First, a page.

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National and Dulles open

The unending snowstorms earlier this month created a special kind of headache for travelers who had to fly to or from the area. Cancellations, re-booking, hours spent trying to get onto another flight...just all sorts of fun. Luckily, that doesn't appear likely to happen this time around. Today's weather -- poised to deliver weak snow and bone-rattling gusts of wind -- won't be closing Reagan National Airport or Dulles International Airport.

"All of our runways are open," said Rob Yingling, spokesman for the Metropolitan Washington Airports Authority, which operates National and Dulles. "We do not close our runways because of wind. We only initiate runway closures when there's an accumulation of snow on the runway."

The main problem for travelers will be snow or bad weather in other cities, which could hamper a multitude of flights (delaying departing flights and stymieing the arrival of planes needed for those departures). Yingling advised passengers to check with their airlines, because flights could be impacted by weather in other areas.

It's also a good idea to check this FAA site, where you can search by airport to find out if there are any delays. For instance, as of 7 a.m., flights from National to Philadelphia were delayed more than an hour. Meanwhile, if you're traveling out of Baltimore, check their Web site for delays and cancellations. But, as always, it's best to check with your airline before you leave the house.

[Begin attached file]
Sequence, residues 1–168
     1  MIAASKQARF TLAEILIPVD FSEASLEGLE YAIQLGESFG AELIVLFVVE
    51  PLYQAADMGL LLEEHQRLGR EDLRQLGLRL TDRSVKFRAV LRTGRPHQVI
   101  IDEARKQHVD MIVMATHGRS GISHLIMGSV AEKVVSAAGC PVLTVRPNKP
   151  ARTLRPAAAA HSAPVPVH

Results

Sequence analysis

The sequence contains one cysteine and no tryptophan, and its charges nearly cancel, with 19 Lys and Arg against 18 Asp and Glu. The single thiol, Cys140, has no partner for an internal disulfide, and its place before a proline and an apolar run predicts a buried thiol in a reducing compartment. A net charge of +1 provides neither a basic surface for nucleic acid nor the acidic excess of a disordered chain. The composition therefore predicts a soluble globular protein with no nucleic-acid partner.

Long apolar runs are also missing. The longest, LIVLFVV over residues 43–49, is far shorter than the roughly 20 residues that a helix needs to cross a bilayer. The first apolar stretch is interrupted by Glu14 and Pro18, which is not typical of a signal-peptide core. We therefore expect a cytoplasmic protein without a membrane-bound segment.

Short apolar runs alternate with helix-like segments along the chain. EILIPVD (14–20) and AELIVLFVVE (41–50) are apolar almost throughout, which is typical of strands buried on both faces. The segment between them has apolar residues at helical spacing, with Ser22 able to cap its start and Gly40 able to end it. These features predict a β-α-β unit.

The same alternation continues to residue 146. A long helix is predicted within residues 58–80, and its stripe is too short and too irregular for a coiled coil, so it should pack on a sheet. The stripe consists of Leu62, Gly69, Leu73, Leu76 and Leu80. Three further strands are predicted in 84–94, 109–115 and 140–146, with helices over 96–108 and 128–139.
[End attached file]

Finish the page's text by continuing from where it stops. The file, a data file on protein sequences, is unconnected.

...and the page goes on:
By Mark Berman  |  February 25, 2010; 7:00 AM ET
Categories:  Advisories , Airports  
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The FAA website is broken half the time. During the last major storms it was showing green across the entire US! I'd suggest They have a nice map of the US on their front page that is based off of actual arrival and departure delays.

Posted by: Razor04 | February 25, 2010 7:13 AM | Report abuse

Well here's the problem...the map is showing delays. The airlines cancelled all of their flights ahead of the snowstorm. Thus, their scheduled flights were not delayed because there were no scheduled flights those days. Thus, the map shows green. So in theory, you would not be delayed if you had a scheduled flight. But there were no scheduled flights.

The airport status shows delays due to the airport. The airport isn't the one that cancels flights, that's the airline.

Kind of one of those weird technicalities, like when a train closes its doors and pulls forward 5 feet to say it departed "on time", but then waits 5 feet out of the station for 10 minutes. Yup, we got delayed 5 feet into the trip, but we can check the box saying we left on time at least!

Posted by: thetan | February 25, 2010 11:38 AM | Report abuse

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